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Kazakhstan steps in: Bridging the Armenia-Azerbaijan divide

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In what could prove to be a decisive breakthrough in the conflict between Azerbaijan and Armenia, the two countries have agreed to talks between their foreign ministers, hosted by Kazakhstan. At their meeting in Almaty, the ministers will be tasked with preparing a peace treaty, writes Political Editor Nick Powell.

Kazakh President Kassym-Jomart Tokayev has expressed his country’s readiness to assist in facilitating peace treaty negotiations and called for the establishment of a long-term peace between Armenia and Azerbaijan. “I proceed from the understanding that the upcoming meeting will contribute to the practical implementation of the Azerbaijani-Armenian agreements and will contribute to the soonest establishment of a lasting peace in the South Caucasus”, he said.

There is a certain symbolism in holding the peace talks in Almaty. The former Kazakh capital was the venue for the signing of the historic Alma-Ata Declaration in December 1991, which laid the foundation for the countries of the Commonwealth of Independent States to develop independently. It endorsed the principles of determining the borders between former Soviet republics, principles that Azerbaijan ultimately asserted through the reconquest of Armenian-occupied territory. 

Kazakhstan has an advantage in this context as a mediator, according to Gulkhanim Mammadova, a research fellow with a focus on peacebuilding and conflict transformation at the Topchubashov Center think-tank in the Azeri capital, Baku. She points out that Kazakhstan’s history of mediating the Armenian-Azerbaijani conflict goes back to the early 1990s, when then-President Nazarbayev, along with his Russian counterpart Boris Yeltsin, facilitated the first-ever Armenian-Azerbaijani peace accord.

Called the Zheleznovodsk Communiqué of 1991, the agreement aimed to stop violence in the Karabakh region. “But this agreement’s life was cut short by its fundamental call for ceasefire not being adhered to”, Gulkhanim Mammadova recalls. “The most egregious violation being the shoot-down of the helicopter carrying a peacekeeping mission”.

The victims of the Armenian attack in November 1991 included Kazakhstan’s Deputy Minister of Internal Affairs, as well as Azerbaijani government officials. “The loss of a high-ranking Kazakhstani official in such circumstances may have contributed to Kazakhstan scaling back its efforts to mediate between Armenia and Azerbaijan”, she believes.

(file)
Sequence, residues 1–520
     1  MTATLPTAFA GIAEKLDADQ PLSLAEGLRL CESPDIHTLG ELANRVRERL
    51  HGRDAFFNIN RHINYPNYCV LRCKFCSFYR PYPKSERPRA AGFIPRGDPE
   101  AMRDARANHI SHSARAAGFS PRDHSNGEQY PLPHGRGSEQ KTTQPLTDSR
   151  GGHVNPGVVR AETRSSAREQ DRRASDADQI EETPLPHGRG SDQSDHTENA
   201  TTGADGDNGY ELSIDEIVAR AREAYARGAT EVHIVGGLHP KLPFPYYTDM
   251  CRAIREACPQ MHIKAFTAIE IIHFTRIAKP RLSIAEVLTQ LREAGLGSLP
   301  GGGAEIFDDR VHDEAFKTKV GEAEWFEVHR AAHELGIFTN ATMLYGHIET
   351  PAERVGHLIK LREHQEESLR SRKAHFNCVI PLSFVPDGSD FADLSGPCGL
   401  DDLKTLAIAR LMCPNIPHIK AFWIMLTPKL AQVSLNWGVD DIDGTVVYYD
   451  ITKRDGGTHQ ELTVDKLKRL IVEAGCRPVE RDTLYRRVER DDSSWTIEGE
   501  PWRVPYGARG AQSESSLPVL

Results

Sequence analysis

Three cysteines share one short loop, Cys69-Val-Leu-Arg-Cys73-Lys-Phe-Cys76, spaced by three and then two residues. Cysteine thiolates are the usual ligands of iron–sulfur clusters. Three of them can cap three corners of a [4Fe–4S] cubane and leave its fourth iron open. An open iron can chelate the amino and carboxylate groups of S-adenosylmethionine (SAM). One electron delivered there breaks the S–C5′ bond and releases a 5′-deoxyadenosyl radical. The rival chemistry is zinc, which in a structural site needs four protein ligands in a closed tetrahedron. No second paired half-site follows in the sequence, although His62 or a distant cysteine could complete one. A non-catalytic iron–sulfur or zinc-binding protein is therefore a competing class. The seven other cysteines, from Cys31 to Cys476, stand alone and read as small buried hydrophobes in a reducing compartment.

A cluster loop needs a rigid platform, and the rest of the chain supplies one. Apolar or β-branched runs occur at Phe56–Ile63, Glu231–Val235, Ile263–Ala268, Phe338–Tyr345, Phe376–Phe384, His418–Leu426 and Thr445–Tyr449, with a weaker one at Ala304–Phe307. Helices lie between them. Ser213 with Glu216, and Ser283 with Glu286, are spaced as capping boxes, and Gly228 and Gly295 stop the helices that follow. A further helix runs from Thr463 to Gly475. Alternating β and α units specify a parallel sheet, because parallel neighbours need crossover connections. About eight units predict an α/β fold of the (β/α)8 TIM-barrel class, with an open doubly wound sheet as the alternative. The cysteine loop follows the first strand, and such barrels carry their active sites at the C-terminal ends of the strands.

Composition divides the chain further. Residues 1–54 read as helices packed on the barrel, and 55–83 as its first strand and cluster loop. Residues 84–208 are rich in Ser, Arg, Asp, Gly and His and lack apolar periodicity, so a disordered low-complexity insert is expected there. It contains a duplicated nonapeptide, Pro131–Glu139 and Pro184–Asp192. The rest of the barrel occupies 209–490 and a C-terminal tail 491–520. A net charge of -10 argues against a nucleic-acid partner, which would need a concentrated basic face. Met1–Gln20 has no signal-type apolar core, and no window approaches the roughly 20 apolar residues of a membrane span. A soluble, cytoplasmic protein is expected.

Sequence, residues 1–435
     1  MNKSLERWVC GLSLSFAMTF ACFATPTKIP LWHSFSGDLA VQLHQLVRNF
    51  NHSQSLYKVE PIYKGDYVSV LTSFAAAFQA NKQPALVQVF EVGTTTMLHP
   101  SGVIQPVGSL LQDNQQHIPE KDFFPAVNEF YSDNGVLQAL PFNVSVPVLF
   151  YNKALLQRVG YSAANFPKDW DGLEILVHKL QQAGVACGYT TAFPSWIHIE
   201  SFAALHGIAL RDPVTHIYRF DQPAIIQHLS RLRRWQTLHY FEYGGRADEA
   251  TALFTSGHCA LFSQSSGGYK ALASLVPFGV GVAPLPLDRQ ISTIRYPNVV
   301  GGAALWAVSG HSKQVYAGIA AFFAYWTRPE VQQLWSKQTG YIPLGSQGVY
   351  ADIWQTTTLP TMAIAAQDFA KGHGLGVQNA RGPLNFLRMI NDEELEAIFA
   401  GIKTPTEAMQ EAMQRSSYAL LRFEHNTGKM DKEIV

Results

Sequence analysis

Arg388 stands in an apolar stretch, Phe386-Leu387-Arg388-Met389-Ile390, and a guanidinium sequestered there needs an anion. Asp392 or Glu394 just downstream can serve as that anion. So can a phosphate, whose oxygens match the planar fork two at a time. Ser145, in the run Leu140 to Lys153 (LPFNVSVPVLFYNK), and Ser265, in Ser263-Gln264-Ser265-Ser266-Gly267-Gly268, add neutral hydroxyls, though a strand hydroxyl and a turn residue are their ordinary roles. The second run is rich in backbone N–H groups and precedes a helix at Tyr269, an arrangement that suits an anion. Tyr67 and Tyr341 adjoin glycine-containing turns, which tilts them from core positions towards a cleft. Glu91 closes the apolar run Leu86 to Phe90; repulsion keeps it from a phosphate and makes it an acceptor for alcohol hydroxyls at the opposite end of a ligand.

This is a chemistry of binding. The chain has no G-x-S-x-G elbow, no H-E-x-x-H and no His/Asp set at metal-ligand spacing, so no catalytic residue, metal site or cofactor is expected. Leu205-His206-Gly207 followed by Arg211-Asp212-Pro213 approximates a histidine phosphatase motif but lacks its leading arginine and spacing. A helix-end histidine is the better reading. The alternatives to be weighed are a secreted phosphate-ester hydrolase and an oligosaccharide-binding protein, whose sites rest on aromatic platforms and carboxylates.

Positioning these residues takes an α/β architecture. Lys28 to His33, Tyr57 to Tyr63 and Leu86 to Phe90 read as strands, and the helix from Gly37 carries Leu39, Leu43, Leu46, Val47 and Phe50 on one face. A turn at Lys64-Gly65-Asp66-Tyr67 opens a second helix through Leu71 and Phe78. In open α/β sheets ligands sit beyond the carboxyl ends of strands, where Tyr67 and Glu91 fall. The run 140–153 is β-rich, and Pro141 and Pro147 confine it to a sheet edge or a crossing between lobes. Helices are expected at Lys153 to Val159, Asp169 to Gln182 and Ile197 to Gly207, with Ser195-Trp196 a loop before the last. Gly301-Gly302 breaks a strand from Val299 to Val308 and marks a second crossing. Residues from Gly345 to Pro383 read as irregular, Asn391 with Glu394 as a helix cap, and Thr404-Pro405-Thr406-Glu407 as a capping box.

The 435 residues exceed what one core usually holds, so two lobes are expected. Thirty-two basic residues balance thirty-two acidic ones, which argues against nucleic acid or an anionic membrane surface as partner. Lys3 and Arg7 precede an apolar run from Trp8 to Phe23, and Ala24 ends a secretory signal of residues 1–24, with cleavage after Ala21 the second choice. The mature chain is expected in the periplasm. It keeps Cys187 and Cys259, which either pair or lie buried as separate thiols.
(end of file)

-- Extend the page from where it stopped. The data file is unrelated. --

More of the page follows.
Gulkhanim Mammadova also cites Kazakhstan’s wider mediation experience. “The Astana talks on Syria serve as a prominent example of the extent to which Kazakhstan could play a role in conflict management. Additionally, during its tenure as the Chair of the OSCE, Kazakhstan played a significant role in mitigating the crisis in neighbouring Kyrgyzstan. One notable instance was its intervention in facilitating the removal of the ousted President Kurmanbek Bakiyev from the country. This action helped to alleviate tensions and stabilise the situation in Kyrgyzstan.

“Kazakhstan's offer to become a facilitator in the Armenia-Azerbaijan conflict is rooted in its aspirations to deepen engagement in the South Caucasus region. As a landlocked country, Kazakhstan recognises the importance of enhancing connectivity and access to global markets. Consequently, it views its relations with Azerbaijan and Armenia as pivotal pathways to Europe.

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“By fostering closer ties with these South Caucasus nations, Kazakhstan aims to position itself as a gateway to Europe, leveraging the potential of the Trans-Caspian Trade Route and other regional transportation networks. In this regard, it might have a direct stake in the opening of communications between Armenia and Azerbaijan. Astana also understands that the more stable and peaceful the South Caucasus is, the greater the economic opportunities for Kazakhstan”.

The need to improve transit across the Caspian Sea, a key section of the crucial Middle Corridor trade route between Asia and Europe, has intensified the already close bilateral relations between Kazakhstan and Azerbaijan. But President Tokayev has also sought to develop relations with Armenia, meeting Prime Minister Nikol Pashinyan in Yerevan on April 15.

The two leaders reaffirmed their strong commitment to enhancing multifaceted ties, with the President stressing the significance he placed on his official visit, considering it as an important stage in the development of bilateral relations. The Prime Minister also noted the dynamic development of mutual ties and expressed his readiness to collaborate to bring Armenian-Kazakh relations to a new level.

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